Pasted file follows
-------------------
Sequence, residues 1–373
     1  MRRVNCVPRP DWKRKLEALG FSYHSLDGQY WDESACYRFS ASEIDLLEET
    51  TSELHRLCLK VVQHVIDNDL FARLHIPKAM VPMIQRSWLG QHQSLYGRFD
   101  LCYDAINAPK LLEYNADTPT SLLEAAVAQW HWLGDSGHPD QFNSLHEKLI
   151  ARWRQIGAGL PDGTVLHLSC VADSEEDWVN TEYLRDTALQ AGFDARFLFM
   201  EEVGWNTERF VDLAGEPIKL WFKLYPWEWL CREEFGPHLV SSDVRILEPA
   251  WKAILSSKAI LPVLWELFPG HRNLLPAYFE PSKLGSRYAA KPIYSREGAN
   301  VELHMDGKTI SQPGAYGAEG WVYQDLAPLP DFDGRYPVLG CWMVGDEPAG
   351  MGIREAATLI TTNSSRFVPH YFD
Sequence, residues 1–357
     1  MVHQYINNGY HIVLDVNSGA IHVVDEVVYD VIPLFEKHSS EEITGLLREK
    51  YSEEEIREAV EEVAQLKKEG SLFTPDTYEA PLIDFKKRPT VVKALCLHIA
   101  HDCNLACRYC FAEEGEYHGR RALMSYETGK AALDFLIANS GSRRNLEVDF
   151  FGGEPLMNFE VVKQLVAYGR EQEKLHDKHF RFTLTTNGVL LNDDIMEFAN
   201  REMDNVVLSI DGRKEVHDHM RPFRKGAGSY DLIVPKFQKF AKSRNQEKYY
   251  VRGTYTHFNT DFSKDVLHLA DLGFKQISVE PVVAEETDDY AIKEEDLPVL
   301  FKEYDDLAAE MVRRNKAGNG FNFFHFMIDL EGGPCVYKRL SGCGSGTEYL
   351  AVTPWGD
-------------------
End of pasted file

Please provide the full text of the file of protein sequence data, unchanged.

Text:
Sequence, residues 1–373
     1  MRRVNCVPRP DWKRKLEALG FSYHSLDGQY WDESACYRFS ASEIDLLEET
    51  TSELHRLCLK VVQHVIDNDL FARLHIPKAM VPMIQRSWLG QHQSLYGRFD
   101  LCYDAINAPK LLEYNADTPT SLLEAAVAQW HWLGDSGHPD QFNSLHEKLI
   151  ARWRQIGAGL PDGTVLHLSC VADSEEDWVN TEYLRDTALQ AGFDARFLFM
   201  EEVGWNTERF VDLAGEPIKL WFKLYPWEWL CREEFGPHLV SSDVRILEPA
   251  WKAILSSKAI LPVLWELFPG HRNLLPAYFE PSKLGSRYAA KPIYSREGAN
   301  VELHMDGKTI SQPGAYGAEG WVYQDLAPLP DFDGRYPVLG CWMVGDEPAG
   351  MGIREAATLI TTNSSRFVPH YFD
Sequence, residues 1–357
     1  MVHQYINNGY HIVLDVNSGA IHVVDEVVYD VIPLFEKHSS EEITGLLREK
    51  YSEEEIREAV EEVAQLKKEG SLFTPDTYEA PLIDFKKRPT VVKALCLHIA
   101  HDCNLACRYC FAEEGEYHGR RALMSYETGK AALDFLIANS GSRRNLEVDF
   151  FGGEPLMNFE VVKQLVAYGR EQEKLHDKHF RFTLTTNGVL LNDDIMEFAN
   201  REMDNVVLSI DGRKEVHDHM RPFRKGAGSY DLIVPKFQKF AKSRNQEKYY
   251  VRGTYTHFNT DFSKDVLHLA DLGFKQISVE PVVAEETDDY AIKEEDLPVL
   301  FKEYDDLAAE MVRRNKAGNG FNFFHFMIDL EGGPCVYKRL SGCGSGTEYL
   351  AVTPWGD